The Chinese Dragon and Latin America

by Luís Hernández Navarro
Feature graphic from The Economist by Lo Cole

The Chinese locomotive advances unstoppably. Already the main driver of the global economy. And according to  a report of McKinsey Global Institute, it surpassed the United States as the richest nation on the planet (https://mck.co/2ZdpRxc).

The consulting firm’s report analyzes the national balances of 10 countries, which hold more that 60 percent of the global income. It documents how the net wealth in the world passed from 156 billion dollars in 2000 to 514 billion dollars in 2020. It concludes: the Asian giant generated 50 percent of the growth of its net wealth in the last 20 years. 

Despite the pandemic, China is the only major economy that did not suffer a recession in 2020. In fact, it grew 2.3 percent. According to the experts between 2021 and 2025, it will reach an average annual growth of 5.7 percent. Right on track, last year it overtook Washington as the primary trading partner of the European Union (EU.) According to the World Economic Forum, it is poised to be the primary trading partner for Latin America and the Caribbean in less than 15 years.

The great eastern dragon is key to Latin America’s economy. It is a voracious consumer of foods, minerals, metals, and fuels produced in the region. The trade exchanges, financial aid and investments of the country have been central in enabling the area, beyond the political leanings of its governments, to face the challenges of growth. 

According to Alicia Bárcena, executive secretary of the Economic Commission for Latin America and the Caribbean (Cepal), the cooperation between China and Latin America and the Caribbean offers an opportunity to reduce the global asymmetries and support an inclusive transformational economic recovery that promotes sustainable development  (https://bit.ly/3oST3m1).

Although the Asiatic giant has restricted its lending in the hemisphere (https://bbc.in/3cy9rCu), it is increasing rapidly in other sectors: trade, direct investment, development cooperation, and even cultural activities. In the context of the pandemic, research and development agreements have been intensified, more than anything in the pharmaceutical realm. Their focus (without abandoning other sectors) is on advancing logistics, services, telecommunications and transportation. Nothing indicates that this trend is going to disappear.

The Asian nation is Latin America’s second most important trading partner, ahead of the European Union. Now it represents 15% of trade in the region. Simultaneously, it is third as a source of investment in the economies of the region. Between 2015 and 2020, private and parastatal companies invested some 7 billion 850 million dollars in the hemisphere. Countries like Chile have had since 2006 a free trade agreement with the homeland of Mao Tse-Tung. And Peru became the favorite destination for investment from Chinese companies on the continent.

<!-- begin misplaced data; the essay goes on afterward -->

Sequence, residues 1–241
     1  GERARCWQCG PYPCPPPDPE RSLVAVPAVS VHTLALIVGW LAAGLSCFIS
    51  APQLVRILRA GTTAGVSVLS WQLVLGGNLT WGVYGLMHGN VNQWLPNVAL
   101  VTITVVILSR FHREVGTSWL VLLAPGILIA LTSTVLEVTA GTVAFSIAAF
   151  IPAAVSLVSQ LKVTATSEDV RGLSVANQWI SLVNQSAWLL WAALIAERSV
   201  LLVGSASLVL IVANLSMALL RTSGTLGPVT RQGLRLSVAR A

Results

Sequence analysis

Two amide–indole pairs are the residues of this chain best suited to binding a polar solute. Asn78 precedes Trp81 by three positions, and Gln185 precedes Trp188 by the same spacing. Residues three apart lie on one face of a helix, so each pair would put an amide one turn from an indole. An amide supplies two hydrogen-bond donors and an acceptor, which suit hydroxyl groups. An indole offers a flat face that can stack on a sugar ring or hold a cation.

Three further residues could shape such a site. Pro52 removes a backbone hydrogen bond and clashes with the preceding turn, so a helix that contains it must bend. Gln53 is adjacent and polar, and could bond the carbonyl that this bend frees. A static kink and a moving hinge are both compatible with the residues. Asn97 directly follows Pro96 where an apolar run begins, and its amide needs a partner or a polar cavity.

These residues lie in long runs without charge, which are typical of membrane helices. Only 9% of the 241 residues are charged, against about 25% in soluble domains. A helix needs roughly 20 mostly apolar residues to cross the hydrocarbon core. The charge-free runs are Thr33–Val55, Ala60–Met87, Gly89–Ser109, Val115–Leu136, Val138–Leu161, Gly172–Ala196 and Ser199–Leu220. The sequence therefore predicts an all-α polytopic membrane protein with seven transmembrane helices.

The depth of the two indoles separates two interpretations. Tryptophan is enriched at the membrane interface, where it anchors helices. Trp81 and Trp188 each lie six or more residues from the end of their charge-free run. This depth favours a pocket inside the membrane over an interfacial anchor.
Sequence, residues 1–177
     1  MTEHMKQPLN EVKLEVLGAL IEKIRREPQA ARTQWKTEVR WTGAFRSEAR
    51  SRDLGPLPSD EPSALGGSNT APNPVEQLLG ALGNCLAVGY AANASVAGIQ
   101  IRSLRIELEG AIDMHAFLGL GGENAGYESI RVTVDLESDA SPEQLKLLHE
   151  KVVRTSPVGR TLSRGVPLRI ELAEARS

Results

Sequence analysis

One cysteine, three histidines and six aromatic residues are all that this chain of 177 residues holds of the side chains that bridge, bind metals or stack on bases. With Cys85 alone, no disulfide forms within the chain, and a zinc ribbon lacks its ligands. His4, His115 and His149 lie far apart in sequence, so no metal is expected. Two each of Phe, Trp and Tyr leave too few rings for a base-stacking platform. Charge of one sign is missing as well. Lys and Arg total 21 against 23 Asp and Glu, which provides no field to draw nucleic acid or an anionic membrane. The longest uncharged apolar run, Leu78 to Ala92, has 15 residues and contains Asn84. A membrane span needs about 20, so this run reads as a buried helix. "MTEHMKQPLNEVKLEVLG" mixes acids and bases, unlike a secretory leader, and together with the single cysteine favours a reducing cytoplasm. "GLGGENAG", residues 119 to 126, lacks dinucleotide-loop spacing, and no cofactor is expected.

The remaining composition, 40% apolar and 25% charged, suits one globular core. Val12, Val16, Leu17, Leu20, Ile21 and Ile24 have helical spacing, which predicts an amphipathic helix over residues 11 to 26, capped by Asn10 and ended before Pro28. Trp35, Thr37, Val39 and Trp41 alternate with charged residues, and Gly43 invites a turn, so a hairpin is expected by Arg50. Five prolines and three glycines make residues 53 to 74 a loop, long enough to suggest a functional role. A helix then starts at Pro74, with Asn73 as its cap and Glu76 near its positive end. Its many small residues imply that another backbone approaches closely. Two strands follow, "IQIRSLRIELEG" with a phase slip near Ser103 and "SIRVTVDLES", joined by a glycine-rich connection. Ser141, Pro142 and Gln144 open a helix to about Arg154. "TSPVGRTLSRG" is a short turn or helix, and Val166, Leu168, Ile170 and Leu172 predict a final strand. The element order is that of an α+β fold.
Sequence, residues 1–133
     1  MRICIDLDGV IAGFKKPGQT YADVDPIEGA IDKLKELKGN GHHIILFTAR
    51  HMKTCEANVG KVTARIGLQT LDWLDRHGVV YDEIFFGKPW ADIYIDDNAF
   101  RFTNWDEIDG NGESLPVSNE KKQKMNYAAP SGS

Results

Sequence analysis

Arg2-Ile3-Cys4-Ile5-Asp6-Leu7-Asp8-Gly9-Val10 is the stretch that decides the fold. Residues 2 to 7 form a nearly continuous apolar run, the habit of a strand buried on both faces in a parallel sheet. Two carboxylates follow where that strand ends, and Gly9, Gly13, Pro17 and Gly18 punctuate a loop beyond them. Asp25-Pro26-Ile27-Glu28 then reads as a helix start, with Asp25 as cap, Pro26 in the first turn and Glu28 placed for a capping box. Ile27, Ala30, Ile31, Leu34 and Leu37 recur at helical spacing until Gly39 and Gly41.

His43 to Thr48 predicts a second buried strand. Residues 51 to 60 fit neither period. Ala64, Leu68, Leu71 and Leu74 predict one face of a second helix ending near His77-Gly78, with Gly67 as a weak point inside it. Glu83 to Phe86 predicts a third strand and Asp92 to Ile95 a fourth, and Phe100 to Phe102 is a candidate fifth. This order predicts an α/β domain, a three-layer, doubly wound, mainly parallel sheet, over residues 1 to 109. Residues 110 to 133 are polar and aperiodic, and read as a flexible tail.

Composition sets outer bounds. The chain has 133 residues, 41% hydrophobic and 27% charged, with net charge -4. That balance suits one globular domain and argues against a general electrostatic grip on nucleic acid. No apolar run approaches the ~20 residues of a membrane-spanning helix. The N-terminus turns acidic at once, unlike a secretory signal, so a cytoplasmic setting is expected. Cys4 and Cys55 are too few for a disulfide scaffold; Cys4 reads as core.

According to the Center for China-Mexico Studies (Chechimex), the colossus of the east has 138 infrastructure projects in Latin America, with approximately 94 billion dollars in investments that has generated 600,000 direct jobs (https://bit.ly/3kT1L2g).

The growing Chinese presence in an area of traditional U.S. influence is meeting with growing concern in Washington. The empire has sought to contain and administer the impact of the eastern power and circumscribe it to the economic sphere. At the same time Peking has been cautious and has made clear that its intention is to expand its economic frontiers.

It has to do with businesses, investments, and loans not conditioned to acceptance of the dogma of development, ideological considerations, or strictly political criteria. They always speak of cooperation and mutual aid. 

In an interview with La Jornada, the ex president of Bolivia Evo Morales explained the relationship this way: China supports development without blackmailing us, and without imposing conditions on us. The United States supports, but in exchange for privatization of natural resources and basic services, in addition to imposing the fight against drug trafficking. China, on the other hand, gives you credit without placing any conditions on you. This is the profound difference. The same with Russian and other countries. In my experience, we are fighting with an empire, but not with other powers. We are well balanced. (https://bit.ly/3DHg3ub).

In a brief videotaped message broadcast at the summit of the Community of Latin American and Caribbean States last September, the Chinese president, Xi Jinping, offered help to the countries of Latin America and the Caribbean to contribute to their prompt recovery from the pandemic and to advance their socioeconomic development. The relations, he indicated, have entered into a new era characterized by equality, mutual benefit, innovation, openness and well-being for the peoples. His country, he said, is inclined to work in a coordinated fashion to create opportunities in the region and construct a shared future. According to Enrique Dussel Peter, one of the most knowledgeable on the relation between China and Latin America, the video message is no small detail. 

The strength of China’s presence in the region means, plain and simple, that there is no viable  process of Latin American integration without it. The dragon of the orient has arrived in the region to stay.

This piece was published in La Jornada on November 23rd, 2021. https://www.jornada.com.mx/2021/11/23/opinion/025a2pol English translation by Schools for Chiapas.